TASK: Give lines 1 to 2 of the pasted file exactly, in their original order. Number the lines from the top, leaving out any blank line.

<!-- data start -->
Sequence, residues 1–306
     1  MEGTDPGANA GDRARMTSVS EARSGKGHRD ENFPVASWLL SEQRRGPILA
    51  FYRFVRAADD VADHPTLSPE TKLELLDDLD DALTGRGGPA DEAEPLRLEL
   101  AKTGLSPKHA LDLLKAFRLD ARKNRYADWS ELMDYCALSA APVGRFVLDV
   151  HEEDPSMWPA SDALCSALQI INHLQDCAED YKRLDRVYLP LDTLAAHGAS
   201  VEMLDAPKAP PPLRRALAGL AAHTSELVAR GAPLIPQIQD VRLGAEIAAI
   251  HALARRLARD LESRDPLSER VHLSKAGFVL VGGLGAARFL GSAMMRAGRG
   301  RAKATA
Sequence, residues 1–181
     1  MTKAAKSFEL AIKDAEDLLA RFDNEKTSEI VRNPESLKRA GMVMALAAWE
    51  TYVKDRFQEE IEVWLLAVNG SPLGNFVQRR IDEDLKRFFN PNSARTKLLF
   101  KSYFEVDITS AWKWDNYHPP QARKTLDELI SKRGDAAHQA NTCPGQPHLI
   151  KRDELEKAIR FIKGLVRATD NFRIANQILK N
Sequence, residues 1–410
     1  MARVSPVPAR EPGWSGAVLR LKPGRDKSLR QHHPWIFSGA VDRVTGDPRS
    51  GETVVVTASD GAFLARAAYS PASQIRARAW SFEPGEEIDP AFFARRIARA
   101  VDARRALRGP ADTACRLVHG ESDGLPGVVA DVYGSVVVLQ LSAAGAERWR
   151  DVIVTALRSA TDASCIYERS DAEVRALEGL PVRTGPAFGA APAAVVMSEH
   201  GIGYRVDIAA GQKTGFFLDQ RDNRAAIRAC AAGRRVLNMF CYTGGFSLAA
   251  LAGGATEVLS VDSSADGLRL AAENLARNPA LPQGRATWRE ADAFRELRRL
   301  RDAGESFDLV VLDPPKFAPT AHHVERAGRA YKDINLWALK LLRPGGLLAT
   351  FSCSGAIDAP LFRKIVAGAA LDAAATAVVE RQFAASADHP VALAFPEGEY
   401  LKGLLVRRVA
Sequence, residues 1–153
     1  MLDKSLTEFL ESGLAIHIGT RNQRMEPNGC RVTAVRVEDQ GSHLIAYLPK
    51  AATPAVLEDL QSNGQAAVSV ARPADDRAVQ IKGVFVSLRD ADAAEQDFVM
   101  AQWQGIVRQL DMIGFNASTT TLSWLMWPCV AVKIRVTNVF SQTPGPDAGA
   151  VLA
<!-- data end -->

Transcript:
Sequence, residues 1–306
     1  MEGTDPGANA GDRARMTSVS EARSGKGHRD ENFPVASWLL SEQRRGPILA